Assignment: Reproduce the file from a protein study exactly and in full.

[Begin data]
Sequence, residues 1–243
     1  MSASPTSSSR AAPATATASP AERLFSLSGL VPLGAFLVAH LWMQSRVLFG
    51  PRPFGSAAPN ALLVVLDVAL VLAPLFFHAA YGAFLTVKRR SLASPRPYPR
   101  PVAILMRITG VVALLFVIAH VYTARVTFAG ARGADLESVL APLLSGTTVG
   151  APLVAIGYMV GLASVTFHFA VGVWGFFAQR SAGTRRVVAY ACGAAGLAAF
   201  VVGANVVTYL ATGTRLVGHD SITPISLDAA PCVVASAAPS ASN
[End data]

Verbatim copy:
Sequence, residues 1–243
     1  MSASPTSSSR AAPATATASP AERLFSLSGL VPLGAFLVAH LWMQSRVLFG
    51  PRPFGSAAPN ALLVVLDVAL VLAPLFFHAA YGAFLTVKRR SLASPRPYPR
   101  PVAILMRITG VVALLFVIAH VYTARVTFAG ARGADLESVL APLLSGTTVG
   151  APLVAIGYMV GLASVTFHFA VGVWGFFAQR SAGTRRVVAY ACGAAGLAAF
   201  VVGANVVTYL ATGTRLVGHD SITPISLDAA PCVVASAAPS ASN